Learn how Cassandra Choi found a role where she could build her own client base, while growing her career as part of a global investment bank.
As graduation approached, Cassandra Choi felt torn between staying in New York, a city she had grown to love as an undergraduate, or returning to Hong Kong and embracing the entrepreneurial streak she traces to her father, who built an import-export business from scratch.
Being a successful trader meant incorporating my own entrepreneurial skills and individual style into a role that has always followed a specific model.
“My plan was to go into investment banking, and New York felt like the place to be for that,” Choi says. “At the same time, I missed my family and friends in Hong Kong and I also wanted to do what my father did when he was my age—start his own business and building it into something very personal and meaningful.”
At Morgan Stanley, she found the ideal solution: an Analyst position with the equities trading desk based in Hong Kong. “The beauty of the role was that I had the freedom to build my own client base as a trader, yet be part of an international investment bank,” Choi says.
Eight years later and now a Vice President in Sales & Trading, Choi reflects on her decision and what it’s meant for her career and personal growth. “As a woman in what is predominantly a male business, I’ve really made the role my own by establishing personal methods of effectiveness and resiliency, while enjoying the entrepreneurial aspect which makes my position so personally fulfilling,” she says.
Choi’s exposure to entrepreneurship started early. She grew up watching her father hard at work. She would visit him at his office and observe how he ran his team, while establishing and nurturing client relationships. “What made the biggest impression on me was how my father knew that client relationships were the foundation of his business, and, when working with his customers, he could always turn obstacles into opportunities,” she says.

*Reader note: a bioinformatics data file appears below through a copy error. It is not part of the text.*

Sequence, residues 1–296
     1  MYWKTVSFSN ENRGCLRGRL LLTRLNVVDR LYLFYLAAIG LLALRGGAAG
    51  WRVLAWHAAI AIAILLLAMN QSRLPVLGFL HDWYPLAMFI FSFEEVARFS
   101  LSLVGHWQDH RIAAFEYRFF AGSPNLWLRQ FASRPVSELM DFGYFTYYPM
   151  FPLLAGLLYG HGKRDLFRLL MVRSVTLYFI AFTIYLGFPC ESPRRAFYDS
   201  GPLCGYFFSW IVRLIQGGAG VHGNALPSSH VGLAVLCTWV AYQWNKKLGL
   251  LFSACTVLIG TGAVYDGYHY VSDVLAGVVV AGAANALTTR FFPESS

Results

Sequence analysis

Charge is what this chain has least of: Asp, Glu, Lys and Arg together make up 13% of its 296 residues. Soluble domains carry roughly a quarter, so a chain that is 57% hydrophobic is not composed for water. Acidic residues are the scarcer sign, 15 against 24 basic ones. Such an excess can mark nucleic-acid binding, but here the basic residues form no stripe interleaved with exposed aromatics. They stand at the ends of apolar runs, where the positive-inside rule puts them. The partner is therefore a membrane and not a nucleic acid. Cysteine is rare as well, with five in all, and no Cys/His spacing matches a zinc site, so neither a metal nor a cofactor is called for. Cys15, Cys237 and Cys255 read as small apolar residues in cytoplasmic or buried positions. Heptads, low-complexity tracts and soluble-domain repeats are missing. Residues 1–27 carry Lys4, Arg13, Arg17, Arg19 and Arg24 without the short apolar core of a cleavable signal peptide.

It hasn’t all been smooth. It took Choi time to adapt to the pressures of trading on the Hong Kong Stock Exchange, which required gaining a firm grasp of the mechanics of equity sales and trading. But the hardest part was cultivating her own sense of quiet determination amid the frenetic atmosphere. She also learned to be more resilient when a trade failed to go through or performed poorly.
Choi has made a point of sharing her experience with junior traders, particularly women just entering the sales and trading division. She makes time to mentor interns and analysts and also speaks at recruitment events, where she talks about the importance of personalizing the trader’s role.
“For me, being a successful trader meant incorporating my own entrepreneurial skills and individual style into a role that has always followed a specific model,” says Choi. “It’s my hope that for as many different trades the firm makes every day, there can then be as many different styles of traders who can make them happen.”